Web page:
Tuesday, October 18, 2011

Does your bootcamp do THIS???

Most people never give much thought to the variables in their workouts. After all, there are tons of articles in popular fitness magazines that tell us the best new exercises, but rarely do they divulge from the standard 3 sets of 10 reps. Most people go to the gym, do their upper body workout of triceps extensions, 3 different kinds of biceps curls and maybe some shoulder stuff that the magazines tell them will "tone" their arms.

But the truth is that you can do the same workout for months on end and still get no where because the body adapts to the stress you put on it. You have to change something. And most people think it must be the exercises. When they aren't seeing change, they swear that they just aren't doing the right exercises. Or that there is some new fancy trick exercise that they haven't tried yet.

However, you can use the same exercises and just change some of the other variables and get mind boggling changes in strength, flexibility. So that is what we've done with this round of the Hi-5 FitCamp. Usually we stay somewhat based in 3-4 sets of 5-12 repetitions, with each set having the same number of repetitions. However, this time around we are doing a bit more density training, trying to add more volume of exercise within each set.

For this round of the Hi-5 FitCamp we are doing a form of cluster sets. A cluster set is basically a longer repetition set (14 reps in this case) broken into smaller sets within the set. Cluster sets have been shown to be more effective in highly trained individuals and just as effective as traditional training formats in untrained people. This makes it a great system to use for our current crop of Hi-5 FitCamp members as many of them have been regular attendees for between 1-4 years, while others are brand new or have only been here for a month or two.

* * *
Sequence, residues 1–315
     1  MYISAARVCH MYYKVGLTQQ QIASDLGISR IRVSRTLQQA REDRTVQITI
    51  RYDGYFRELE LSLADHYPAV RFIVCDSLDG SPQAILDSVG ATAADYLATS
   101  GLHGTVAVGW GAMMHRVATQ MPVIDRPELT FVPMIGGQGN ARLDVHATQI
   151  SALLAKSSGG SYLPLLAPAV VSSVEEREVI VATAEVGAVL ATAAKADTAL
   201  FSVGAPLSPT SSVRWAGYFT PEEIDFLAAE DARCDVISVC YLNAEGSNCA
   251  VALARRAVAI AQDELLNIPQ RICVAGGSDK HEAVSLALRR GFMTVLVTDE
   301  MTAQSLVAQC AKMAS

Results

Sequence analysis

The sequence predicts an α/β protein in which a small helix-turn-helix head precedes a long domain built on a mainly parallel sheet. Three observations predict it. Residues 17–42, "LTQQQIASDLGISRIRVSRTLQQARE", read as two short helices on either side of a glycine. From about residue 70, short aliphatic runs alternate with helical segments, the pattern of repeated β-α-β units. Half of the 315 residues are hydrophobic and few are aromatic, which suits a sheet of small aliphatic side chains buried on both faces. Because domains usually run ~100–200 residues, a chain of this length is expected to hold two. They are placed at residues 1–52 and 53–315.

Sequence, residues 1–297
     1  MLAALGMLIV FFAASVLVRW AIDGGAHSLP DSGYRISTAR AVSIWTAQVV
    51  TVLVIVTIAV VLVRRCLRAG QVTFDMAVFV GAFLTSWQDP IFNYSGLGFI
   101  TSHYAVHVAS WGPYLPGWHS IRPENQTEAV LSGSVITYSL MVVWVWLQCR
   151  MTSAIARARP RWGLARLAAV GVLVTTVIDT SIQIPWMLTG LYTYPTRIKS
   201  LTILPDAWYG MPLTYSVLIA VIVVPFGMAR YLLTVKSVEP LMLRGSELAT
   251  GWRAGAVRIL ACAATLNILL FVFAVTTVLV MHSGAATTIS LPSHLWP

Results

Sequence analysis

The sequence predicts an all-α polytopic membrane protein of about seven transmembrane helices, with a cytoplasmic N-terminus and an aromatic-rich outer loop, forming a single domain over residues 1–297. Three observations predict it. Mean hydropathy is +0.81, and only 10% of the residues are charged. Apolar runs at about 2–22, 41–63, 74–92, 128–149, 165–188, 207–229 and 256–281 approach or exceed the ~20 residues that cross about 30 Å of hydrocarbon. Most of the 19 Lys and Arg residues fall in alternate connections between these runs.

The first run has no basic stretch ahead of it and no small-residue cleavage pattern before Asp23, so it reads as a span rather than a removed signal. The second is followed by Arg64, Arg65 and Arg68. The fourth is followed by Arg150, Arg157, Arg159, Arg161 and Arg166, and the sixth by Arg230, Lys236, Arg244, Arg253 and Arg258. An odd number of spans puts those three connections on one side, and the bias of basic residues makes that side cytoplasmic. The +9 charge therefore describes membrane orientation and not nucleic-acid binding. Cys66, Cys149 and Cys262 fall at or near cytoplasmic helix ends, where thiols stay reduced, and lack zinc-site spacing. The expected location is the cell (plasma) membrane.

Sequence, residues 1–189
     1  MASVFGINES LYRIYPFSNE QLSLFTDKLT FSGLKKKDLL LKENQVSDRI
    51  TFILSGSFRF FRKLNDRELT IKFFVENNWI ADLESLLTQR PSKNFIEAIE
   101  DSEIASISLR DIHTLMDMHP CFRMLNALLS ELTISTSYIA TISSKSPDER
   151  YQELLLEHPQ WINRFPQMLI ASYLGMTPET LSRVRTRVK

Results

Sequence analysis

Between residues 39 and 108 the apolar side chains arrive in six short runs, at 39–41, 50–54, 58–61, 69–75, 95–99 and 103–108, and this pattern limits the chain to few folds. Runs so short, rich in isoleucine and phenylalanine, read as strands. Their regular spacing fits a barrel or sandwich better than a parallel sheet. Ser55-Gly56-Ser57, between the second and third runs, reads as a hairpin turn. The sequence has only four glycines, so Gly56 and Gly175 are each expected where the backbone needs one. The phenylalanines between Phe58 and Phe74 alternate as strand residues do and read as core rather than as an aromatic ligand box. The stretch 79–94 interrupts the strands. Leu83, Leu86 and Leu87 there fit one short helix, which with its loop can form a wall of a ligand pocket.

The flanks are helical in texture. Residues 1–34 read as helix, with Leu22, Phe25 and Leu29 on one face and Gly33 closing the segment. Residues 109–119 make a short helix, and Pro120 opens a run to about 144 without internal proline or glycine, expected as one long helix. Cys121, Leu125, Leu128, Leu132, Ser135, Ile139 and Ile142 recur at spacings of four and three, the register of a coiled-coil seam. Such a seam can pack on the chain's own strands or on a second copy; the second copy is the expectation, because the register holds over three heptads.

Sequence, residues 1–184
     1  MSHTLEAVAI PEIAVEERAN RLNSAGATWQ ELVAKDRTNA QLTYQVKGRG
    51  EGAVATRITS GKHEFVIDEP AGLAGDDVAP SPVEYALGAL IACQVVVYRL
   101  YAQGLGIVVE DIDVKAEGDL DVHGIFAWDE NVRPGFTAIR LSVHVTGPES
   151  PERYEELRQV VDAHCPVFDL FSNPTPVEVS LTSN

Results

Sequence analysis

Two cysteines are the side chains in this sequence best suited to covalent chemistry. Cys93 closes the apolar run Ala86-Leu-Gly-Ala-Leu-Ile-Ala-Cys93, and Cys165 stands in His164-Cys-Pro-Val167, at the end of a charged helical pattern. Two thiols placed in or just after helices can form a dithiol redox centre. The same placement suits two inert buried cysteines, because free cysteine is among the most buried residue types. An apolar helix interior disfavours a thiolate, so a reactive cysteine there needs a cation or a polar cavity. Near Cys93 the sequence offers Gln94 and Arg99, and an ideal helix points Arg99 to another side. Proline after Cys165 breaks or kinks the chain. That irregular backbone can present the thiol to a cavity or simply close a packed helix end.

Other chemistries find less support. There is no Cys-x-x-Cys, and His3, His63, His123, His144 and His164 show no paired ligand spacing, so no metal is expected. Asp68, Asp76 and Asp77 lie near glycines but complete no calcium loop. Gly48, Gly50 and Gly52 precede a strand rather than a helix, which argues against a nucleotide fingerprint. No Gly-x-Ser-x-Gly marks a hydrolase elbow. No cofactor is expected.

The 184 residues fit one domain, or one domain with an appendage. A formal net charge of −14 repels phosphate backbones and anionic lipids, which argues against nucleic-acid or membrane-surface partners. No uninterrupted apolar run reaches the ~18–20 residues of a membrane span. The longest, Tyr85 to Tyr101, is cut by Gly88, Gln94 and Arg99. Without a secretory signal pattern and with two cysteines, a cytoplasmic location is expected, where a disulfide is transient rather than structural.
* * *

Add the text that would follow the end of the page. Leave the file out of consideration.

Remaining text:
Cluster sets have been shown to increase strength in both experienced and novice weight lifters. However, cluster sets have been shown to be more effective than traditional training when performing power exercises such as medicine ball throws, squat jumps, medicine ball chest passes and split jumps. Why? Well with the rest afforded between smaller sets, the person is able to give more effort in subsequent reps. Here's an example.

Lets compare a traditional set of 12 squat jumps to a cluster set of 12 in which the set is broken into 4 clusters of 3 with :30 rest between sets. The person doing the traditional set will decrease power output with each subsequent jump because each jump uses available energy and there is no time for recovery. However, the cluster set person is able to recover a little bit after every 3rd jump. So if person A has his percentage of effort decrease by 10% every 3 jumps, then at his final jump he'll only be jumping at 66% of his max effort. But if person B decreased 10% every 3 jumps, but was able to recover 5% after each rest interval, his 12th jump would be at 82% of max effort. Basically he would be declining only 5% with each subsequent cluster set. See the difference a litte rest makes?

In summary, the benefit of doing cluster sets is increased time under tension (which results in more muscle gain) as well as increased strength. These are two of the major components to fat-loss! So why wouldn't we do this? Plus, it's a nice little change up for everybody!

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